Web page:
Tacoma City Manager Ray Corpuz said Sunday he spoke with Police Chief David Brame several times about his mounting personal pressures as the chief's marriage spun toward divorce, but never asked whether he was fit for duty.
"Dave appeared under some level of stress, but he was in control of his emotions," Corpuz said. "We did not discuss his fitness for duty.
"I focused on making sure he was getting time off and the help he needed to deal with the issue and (to) ensure it didn't affect the chief's job performance."
Brame, whom Corpuz appointed chief of police 16 months ago, shot his estranged wife, Crystal, in the head and then committed suicide Saturday in a Gig Harbor parking lot.
Never miss a local story.
Though Brame was investigated by the department in 1989 after a complaint was lodged against him, Corpuz said he didn't read Brame's complete personnel file before he appointed the then-43-year-old Tacoma native.
Instead, Corpuz discussed the incident with former Police Chief Ray Fjetland "and was told an investigation concluded the allegation was unfounded."
City officials did some background investigation on outside candidates for the chief's position when Brame was elevated to the post after 20 years as a rising star with the department. No such checks were done on internal applicants, Corpuz said.
Instead, search-team officials relied on department personnel files already in hand.
Corpuz couldn't say Sunday what background checks on external candidates consisted of or whether they included psychological evaluations.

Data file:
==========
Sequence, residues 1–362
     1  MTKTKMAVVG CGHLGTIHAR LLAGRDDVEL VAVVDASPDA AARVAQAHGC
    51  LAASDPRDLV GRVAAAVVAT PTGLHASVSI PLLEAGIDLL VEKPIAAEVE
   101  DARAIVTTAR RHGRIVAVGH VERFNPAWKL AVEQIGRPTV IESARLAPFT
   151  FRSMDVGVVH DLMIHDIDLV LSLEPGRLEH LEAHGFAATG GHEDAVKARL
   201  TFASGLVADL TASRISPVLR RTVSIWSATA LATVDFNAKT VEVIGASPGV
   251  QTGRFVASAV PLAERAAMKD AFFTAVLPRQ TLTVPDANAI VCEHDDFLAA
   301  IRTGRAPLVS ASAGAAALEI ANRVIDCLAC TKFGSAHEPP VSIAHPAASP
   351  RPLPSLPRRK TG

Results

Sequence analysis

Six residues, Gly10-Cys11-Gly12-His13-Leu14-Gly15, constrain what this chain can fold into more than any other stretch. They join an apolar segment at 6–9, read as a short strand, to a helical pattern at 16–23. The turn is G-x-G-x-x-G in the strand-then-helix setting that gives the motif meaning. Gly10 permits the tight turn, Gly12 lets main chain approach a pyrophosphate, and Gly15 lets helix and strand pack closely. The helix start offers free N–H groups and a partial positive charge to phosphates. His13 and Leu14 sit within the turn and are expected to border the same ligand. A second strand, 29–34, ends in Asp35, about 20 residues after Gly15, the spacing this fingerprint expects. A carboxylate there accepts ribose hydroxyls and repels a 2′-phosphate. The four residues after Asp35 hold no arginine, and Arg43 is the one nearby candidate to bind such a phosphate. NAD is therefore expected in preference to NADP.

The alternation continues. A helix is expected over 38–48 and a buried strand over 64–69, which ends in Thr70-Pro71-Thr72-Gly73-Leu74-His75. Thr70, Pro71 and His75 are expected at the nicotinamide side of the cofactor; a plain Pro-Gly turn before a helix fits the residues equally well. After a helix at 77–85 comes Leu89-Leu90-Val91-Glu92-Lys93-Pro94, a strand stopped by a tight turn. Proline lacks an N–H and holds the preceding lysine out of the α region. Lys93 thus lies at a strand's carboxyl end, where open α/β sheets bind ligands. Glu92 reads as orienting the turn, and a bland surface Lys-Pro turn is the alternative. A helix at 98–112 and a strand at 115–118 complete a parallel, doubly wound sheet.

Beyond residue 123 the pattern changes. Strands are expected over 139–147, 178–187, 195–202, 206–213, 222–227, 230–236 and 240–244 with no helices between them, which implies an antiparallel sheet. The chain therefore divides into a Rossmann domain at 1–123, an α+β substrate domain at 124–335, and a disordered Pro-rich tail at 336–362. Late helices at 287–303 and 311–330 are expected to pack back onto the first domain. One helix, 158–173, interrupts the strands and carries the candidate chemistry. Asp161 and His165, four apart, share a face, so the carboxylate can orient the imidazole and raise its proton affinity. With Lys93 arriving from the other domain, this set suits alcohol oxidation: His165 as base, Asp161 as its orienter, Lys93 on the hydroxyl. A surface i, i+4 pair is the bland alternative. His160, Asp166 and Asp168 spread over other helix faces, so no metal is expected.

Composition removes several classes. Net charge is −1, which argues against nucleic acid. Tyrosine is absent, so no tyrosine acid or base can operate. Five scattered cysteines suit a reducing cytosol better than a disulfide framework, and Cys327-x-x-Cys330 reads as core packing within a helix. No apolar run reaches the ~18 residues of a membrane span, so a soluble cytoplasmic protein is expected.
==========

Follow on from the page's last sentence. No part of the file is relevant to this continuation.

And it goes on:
Brame's last psychological evaluation was done when he joined the department in 1981. Such checks routinely are done on new officers.
But even a fresh psychological evaluation of Brame might not have helped, said Elaine Nevins, who coordinates domestic violence programs for the YWCA and has bachelor's degrees in psychology and sociology.
"There's no psychological profile for a perpetrator of domestic violence," she said.
Still, Brame's fatal actions caused some to wonder Sunday whether psychological testing shouldn't be mandatory for police chief candidates.
"I have thought about a psychological test that every officer should take every step that he or she works up through the ranks," Mayor Bill Baarsma said.
"This is something that the city should consider," he added.
Councilman Doug Miller thinks psychological testing for officers moving up the ranks, or possibly periodic psych testing for all cops, might be a good idea.
"You've got people in high-stress jobs who carry weapons and deal with racial issues," he said. "It would be good to know we have a way of identifying a problem before it becomes a big one."
Police Union Local 6 President Pat Frantz said he thinks psychological evaluations and lie detector tests should be mandatory before any officer's advancement.
Although Corpuz will decide how to search for and appoint a new chief, Baarsma said he expects the City Council "to be fully engaged in the process" and hopes to get things moving this week.
Corpuz said it was too early to talk about a replacement for Brame; he would rather focus on helping acting Chief Catherine Woodard get the department stabilized.
And he promised the city will review its process of evaluating candidates for command positions in the police department.
"I'm sure everyone who knew Dave wishes they could have predicted the future and done something to prevent this tragedy from occurring," Corpuz said. "We're all searching our minds to figure out why this happened, and we'll be doing so for some time to come."
Kris Sherman: 253-597-8659